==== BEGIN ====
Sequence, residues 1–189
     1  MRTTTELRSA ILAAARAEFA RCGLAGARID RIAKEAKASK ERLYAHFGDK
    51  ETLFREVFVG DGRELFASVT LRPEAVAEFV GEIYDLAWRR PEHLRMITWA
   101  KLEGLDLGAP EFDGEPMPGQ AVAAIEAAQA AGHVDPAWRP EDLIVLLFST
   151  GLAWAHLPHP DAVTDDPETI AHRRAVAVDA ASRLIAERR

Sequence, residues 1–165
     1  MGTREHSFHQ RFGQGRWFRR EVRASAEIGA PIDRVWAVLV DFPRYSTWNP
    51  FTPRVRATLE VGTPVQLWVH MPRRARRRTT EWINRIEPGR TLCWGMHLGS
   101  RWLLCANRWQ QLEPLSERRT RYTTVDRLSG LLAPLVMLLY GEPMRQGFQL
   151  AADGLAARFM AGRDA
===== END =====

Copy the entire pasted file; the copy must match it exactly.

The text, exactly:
Sequence, residues 1–189
     1  MRTTTELRSA ILAAARAEFA RCGLAGARID RIAKEAKASK ERLYAHFGDK
    51  ETLFREVFVG DGRELFASVT LRPEAVAEFV GEIYDLAWRR PEHLRMITWA
   101  KLEGLDLGAP EFDGEPMPGQ AVAAIEAAQA AGHVDPAWRP EDLIVLLFST
   151  GLAWAHLPHP DAVTDDPETI AHRRAVAVDA ASRLIAERR

Sequence, residues 1–165
     1  MGTREHSFHQ RFGQGRWFRR EVRASAEIGA PIDRVWAVLV DFPRYSTWNP
    51  FTPRVRATLE VGTPVQLWVH MPRRARRRTT EWINRIEPGR TLCWGMHLGS
   101  RWLLCANRWQ QLEPLSERRT RYTTVDRLSG LLAPLVMLLY GEPMRQGFQL
   151  AADGLAARFM AGRDA